https://www.youtube.com/watch?v=3oXK1KxUpF8

--Yours truly,
Intrinsoft.


Please buy some kind of microphone foam or similar barrier so that you don't blow right into the microphone. I stopped watching because it got too irritating, especially with headphones. Creating video content is a skill and making decent sound quality is one of them.

Author:  linguofreak [ Fri Jun 26, 2020 6:08 pm ]
Post subject:  Re: Practical Kernel Theory youtube series

Schol-R-LEA wrote:
Anyway... a patent is rather different, and has a number of requirements in order to be granted. First, you have to be the first one to submit a patent claim on the specific technology. Second, you have to submit all of the details of the invention to the patent office, and publish it for a general review within a short period after the patent submission, so others can make counter-claims. Third, you have to document the dates and times of when you invented it, preferably with logs of the development. Finally (well, not quite but close enough) your patent can be challenged in court on one of three grounds: that there exists prior art (it isn't new), that it is an obvious application of existing techniques (it is trivial), or that it is too broad (it would cover too many unrelated things).


In theory, at least. In practice, the personnel at the patent office often don't have enough domain knowledge to know if you disclosed enough to actually implement the patented thing, or that it's ineligible for a patent, and if you have enough money, you can outlast anybody who challenges the patent in court, and even then the judge and jury might not have enough domain knowledge to invalidate the patent. So there are patent trolls hiding under every rock, waiting to sue hapless victims (or, often a safer bet, their customers) over broad, trivial, underspecified, prior-arted patents (and succeeding often enough to make it a viable business model), and then there are all the corporate giants who have huge portfolios of patents, some of good quality and some no better than those used by patent trolls, that use them to intimidate entrepreneurs with the prospect of being unable to sell their products, and strongarm them into selling their startups to the big corporation. Which, because this behavior is so common, many of the startups were planning on in the first place.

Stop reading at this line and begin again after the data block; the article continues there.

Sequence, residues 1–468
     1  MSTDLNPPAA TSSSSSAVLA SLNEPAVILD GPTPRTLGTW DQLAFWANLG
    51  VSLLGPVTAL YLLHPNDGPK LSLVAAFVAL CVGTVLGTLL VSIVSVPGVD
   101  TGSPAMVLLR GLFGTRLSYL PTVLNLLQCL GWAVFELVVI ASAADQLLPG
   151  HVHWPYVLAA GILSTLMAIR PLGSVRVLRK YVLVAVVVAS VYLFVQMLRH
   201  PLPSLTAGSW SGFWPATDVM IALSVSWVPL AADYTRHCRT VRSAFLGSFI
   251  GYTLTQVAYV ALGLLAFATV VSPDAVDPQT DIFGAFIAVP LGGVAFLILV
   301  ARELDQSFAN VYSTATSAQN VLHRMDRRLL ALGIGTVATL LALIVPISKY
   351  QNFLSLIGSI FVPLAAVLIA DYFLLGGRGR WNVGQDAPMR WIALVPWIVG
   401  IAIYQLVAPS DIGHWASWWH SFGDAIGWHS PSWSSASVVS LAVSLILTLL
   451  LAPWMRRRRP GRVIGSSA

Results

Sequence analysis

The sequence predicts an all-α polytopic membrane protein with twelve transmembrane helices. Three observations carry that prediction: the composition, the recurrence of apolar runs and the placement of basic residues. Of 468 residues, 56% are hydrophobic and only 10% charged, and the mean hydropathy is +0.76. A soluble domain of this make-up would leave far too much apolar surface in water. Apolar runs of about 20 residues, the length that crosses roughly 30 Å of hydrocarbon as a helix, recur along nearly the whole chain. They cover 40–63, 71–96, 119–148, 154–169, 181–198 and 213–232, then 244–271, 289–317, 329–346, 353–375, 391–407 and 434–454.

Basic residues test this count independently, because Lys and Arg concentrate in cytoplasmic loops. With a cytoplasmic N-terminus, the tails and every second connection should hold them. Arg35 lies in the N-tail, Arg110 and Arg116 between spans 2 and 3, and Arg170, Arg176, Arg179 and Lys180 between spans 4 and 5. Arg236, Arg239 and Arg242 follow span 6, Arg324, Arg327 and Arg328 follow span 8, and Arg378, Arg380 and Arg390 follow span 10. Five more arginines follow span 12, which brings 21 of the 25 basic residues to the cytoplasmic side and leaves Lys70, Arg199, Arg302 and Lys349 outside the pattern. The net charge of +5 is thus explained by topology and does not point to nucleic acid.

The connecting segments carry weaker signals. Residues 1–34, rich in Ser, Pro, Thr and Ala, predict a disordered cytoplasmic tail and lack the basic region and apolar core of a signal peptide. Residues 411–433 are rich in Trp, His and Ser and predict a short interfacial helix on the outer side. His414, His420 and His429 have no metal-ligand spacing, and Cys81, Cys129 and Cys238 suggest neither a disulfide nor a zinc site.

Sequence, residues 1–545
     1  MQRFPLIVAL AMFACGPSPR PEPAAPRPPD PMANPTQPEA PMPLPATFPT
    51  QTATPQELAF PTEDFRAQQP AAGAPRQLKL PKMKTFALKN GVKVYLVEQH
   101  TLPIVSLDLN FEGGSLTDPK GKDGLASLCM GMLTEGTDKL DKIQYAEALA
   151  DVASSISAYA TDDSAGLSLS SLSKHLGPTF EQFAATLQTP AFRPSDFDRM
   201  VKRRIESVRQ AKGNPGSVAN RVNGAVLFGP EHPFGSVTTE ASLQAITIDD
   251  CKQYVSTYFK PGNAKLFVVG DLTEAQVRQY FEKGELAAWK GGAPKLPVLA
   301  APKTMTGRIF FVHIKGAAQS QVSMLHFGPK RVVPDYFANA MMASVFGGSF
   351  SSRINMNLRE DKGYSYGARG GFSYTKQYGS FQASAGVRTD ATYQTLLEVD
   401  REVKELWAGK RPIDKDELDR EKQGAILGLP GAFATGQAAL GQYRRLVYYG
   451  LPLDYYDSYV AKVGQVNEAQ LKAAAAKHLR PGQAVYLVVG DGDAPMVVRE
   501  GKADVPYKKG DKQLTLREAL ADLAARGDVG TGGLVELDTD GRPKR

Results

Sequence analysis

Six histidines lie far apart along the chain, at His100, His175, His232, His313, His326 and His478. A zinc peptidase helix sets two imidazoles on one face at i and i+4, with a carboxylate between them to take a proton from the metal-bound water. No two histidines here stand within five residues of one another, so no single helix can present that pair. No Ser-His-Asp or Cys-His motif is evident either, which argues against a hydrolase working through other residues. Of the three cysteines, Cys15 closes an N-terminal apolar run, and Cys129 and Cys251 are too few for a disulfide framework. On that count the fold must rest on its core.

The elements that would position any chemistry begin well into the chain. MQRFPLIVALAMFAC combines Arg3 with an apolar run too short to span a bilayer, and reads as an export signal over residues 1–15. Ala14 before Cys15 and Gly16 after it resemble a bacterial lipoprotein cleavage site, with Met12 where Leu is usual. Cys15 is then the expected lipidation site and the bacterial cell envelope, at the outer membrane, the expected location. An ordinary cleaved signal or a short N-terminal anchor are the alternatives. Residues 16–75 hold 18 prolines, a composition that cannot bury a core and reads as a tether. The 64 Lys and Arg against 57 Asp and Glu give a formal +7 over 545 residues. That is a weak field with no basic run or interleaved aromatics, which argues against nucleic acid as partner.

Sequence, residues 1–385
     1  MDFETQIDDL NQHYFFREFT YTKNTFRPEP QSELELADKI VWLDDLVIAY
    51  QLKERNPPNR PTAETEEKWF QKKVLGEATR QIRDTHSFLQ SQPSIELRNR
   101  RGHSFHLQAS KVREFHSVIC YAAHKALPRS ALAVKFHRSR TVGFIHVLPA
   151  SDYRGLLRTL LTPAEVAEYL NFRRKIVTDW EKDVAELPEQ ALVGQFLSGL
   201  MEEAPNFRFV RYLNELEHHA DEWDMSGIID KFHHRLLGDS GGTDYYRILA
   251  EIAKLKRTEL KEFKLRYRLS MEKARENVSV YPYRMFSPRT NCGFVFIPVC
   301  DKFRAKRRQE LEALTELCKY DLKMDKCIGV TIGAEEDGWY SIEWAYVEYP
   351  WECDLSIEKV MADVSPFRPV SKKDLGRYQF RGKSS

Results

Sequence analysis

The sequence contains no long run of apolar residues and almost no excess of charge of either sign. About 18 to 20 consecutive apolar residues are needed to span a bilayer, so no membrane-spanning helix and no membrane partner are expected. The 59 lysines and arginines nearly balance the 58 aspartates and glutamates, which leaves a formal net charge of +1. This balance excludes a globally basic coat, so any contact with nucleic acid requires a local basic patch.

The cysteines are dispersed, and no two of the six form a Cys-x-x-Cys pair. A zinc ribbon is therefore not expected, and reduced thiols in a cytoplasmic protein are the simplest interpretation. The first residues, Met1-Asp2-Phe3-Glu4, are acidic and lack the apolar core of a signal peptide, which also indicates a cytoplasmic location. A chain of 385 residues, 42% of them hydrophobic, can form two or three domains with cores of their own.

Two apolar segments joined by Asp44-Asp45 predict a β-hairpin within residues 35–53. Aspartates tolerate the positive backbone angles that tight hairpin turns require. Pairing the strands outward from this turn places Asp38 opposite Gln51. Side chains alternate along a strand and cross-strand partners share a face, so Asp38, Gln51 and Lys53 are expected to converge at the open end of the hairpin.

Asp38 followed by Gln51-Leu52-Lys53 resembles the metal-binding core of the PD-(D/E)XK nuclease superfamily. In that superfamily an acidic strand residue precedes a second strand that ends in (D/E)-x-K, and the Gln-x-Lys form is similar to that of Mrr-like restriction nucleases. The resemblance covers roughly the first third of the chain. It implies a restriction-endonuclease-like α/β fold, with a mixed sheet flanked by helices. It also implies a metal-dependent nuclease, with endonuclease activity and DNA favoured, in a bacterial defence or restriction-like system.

Author:  nullplan [ Fri Jun 26, 2020 9:28 pm ]
Post subject:  Re: Practical Kernel Theory youtube series

bzt wrote:
All my boot loaders, BOOTBOOT included, will zero out the bss area for you. From GRUB's Multiboot spec section 3.1.5: "bss_end_addr [...] The boot loader initializes this area to zero". I haven't tried, but I'm pretty sure GRUB zeros out bss if it's loading an ELF kernel (non-Multiboot) too. The Xv6 boot loader also zeros out bss. Actually I have a hard time finding a loader which does not zero out the bss data area.
This section was on raw binaries. BOOTBOOT does not support raw binaries. Arguably, neither does GRUB, as it requires a multi-boot header. I was thinking of some hypothetical "load my blob and jump to it" loader, but you are right, that is usually not the environment we find ourselves in on the PC. U-Boot can be made to do such a thing, but that one is pretty unusual for the PC.

Author:  bzt [ Sat Jun 27, 2020 7:43 am ]
Post subject:  Re: Practical Kernel Theory youtube series

nullplan wrote:
This section was on raw binaries. BOOTBOOT does not support raw binaries. Arguably, neither does GRUB, as it requires a multi-boot header. I was thinking of some hypothetical "load my blob and jump to it" loader, but you are right, that is usually not the environment we find ourselves in on the PC. U-Boot can be made to do such a thing, but that one is pretty unusual for the PC.
Ah I see, I skipped that part, raw binaries have no concept of segments, therefore no bss size info available. You are correct, no need to put huge zero data areas in raw binaries (although that's a possibility too), a small loop in the kernel's early code could zero that out before control is passed to the real main function. Exactly the same as with non-raw loaders, just the zeroing loop is not in the loader but in the kernel, that can work.

Cheers,
bzt

Author:  Schol-R-LEA [ Sat Jun 27, 2020 9:37 am ]
Post subject:  Re: Practical Kernel Theory youtube series

It might make sense for the mods to move the discussion about patent and copyright to its own thread.

linguofreak wrote:
Schol-R-LEA wrote: